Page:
Neil Padoa is Head of Global Developed Markets and has 14 years of investment industry experience.

Louis Stassen is a founding member and former Chief Investment Officer of Coronation. He has 32 years of investment industry experience.

Humaira Surve is a portfolio manager with 10 years of investment industry experience

In last quarter’s commentary we wrote, ‘2019 was a year to make money’. However, we also cautioned that, ‘after a sustained period of strong equity returns, declining interest rates, reduced tax rates, expanding profit margins, and rising valuation multiples, investors should recalibrate return expectations lower. The conditions in place today are quite different to those in place a decade ago. We have no insight into short-term market moves but feel that absolute returns could very well be lower over the next 10 years compared to the last 10.’

Well, we didn’t have to wait long. Risk assets plunged over the quarter as the economic consequences of the Covid-19 pandemic started to become apparent (for a full discussion, please see Coronation’s commentary on page XX). Economic activity in many countries and sectors around the world has come to a halt. This unprecedented ‘full stop’ caused stress and market dislocations across the spectrum. Volatility was back with a vengeance, and, in both credit and equity markets, indicators spiked to levels above those seen in the Global Financial Crisis (refer to figures 1 and 2).

With this as a backdrop, Global Equity Select declined -22.6% in US dollars for the quarter, slightly behind the benchmark’s -21.4%. Given the weak rand, this translated into a rand decline of -1.9% for the Global Equity Select Feeder Fund. Quarterly returns will inevitably be noisy, but we were cognisant of the high relative base of performance coming into the year following a strong 2019, which delivered 11% outperformance, and are reasonably satisfied to have at least protected these relative gains.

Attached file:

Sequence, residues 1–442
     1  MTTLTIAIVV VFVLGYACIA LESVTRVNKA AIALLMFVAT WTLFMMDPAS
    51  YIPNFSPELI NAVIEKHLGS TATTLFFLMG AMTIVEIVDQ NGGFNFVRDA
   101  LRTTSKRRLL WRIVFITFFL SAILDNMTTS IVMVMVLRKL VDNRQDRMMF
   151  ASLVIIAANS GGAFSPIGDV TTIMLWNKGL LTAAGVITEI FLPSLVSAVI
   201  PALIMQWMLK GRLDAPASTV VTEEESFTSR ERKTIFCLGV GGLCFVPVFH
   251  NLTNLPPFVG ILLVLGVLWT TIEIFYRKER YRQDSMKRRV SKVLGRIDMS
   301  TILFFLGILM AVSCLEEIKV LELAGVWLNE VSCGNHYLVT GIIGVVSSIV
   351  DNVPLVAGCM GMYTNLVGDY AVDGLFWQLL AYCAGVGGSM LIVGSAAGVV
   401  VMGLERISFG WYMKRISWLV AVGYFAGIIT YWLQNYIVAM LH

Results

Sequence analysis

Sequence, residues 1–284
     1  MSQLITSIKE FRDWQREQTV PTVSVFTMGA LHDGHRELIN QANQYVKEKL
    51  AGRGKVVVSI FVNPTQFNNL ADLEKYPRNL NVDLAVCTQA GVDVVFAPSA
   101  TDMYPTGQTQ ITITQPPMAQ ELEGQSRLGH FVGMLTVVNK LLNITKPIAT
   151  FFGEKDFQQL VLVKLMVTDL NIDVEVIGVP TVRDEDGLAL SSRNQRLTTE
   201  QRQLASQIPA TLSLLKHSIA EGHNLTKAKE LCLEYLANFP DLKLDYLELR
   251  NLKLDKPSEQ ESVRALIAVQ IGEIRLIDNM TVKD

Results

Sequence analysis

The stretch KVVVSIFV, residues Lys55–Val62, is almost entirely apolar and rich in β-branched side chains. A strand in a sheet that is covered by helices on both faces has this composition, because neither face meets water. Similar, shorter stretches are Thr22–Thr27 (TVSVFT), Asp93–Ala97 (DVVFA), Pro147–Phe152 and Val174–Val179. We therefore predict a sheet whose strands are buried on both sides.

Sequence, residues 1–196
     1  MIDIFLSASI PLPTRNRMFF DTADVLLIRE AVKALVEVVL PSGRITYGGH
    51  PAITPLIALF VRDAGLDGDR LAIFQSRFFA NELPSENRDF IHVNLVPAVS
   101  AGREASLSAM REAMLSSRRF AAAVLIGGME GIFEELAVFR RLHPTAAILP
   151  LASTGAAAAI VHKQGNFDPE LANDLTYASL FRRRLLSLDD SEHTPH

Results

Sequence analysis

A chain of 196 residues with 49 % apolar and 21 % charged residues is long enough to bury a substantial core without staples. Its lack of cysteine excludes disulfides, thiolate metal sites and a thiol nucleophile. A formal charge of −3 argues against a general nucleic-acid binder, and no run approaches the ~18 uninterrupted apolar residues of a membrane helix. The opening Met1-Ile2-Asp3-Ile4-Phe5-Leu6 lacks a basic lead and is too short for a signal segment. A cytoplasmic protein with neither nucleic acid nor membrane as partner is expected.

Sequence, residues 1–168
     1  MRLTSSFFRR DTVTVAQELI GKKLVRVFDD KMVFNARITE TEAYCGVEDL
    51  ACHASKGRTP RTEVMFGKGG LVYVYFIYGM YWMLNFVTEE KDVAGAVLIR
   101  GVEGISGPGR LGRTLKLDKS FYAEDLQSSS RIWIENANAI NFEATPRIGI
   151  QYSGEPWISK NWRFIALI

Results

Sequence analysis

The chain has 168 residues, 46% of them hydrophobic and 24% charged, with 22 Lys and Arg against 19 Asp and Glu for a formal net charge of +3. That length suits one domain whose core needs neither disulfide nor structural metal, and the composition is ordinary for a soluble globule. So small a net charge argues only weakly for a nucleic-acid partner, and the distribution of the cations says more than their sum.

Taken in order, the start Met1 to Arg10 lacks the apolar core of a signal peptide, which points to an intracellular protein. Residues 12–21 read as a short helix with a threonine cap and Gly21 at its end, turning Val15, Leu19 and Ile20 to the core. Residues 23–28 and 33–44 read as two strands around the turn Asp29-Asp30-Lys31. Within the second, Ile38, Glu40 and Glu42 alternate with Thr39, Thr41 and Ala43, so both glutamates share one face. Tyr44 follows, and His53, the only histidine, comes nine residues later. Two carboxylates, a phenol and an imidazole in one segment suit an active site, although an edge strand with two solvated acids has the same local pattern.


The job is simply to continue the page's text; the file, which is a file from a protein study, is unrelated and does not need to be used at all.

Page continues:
Global Managed declined -16.4% for the quarter compared to -13.3% for the benchmark, while the Global Managed Feeder Fund returned 6.5% in rand. The fund’s equity holdings were marginally behind the benchmark over the quarter. Global Capital Plus declined -9.7% for the quarter compared to 0.8% for the benchmark, while the Global Capital Plus Feeder Fund returned 14.8% in rands. This fund’s equity portfolio was appropriately sized, selected and hedged. The negative contribution from equities was just over 5%. The stocks themselves performed in line with the overall market, and index-level hedges reduced losses by a quarter.

The underperformance in both funds was primarily due to the non-equity securities in their portfolios. The lack of developed market government bond exposure was the primary culprit, as we have chosen instead to take some credit risk which sold off as credit spreads increased. Importantly, these are mark-to-market losses, not permanent impairments, as we either still hold those securities or have rotated into issues with a more favourable risk-reward profile.

While the quarterly declines are disappointing, it follows on a strong 2019, with alpha of 5% and 10% for Global Managed and Global Capital Plus, respectively. Although we are never satisfied with underperformance, we are excited by a much-improved opportunity set, which is most important for potential future returns.  

Following such a dramatic quarter, it is also worth reflecting on some of the additional aims for managing Global Capital Plus and Global Managed as outlined in last quarter’s commentary. In particular the third point: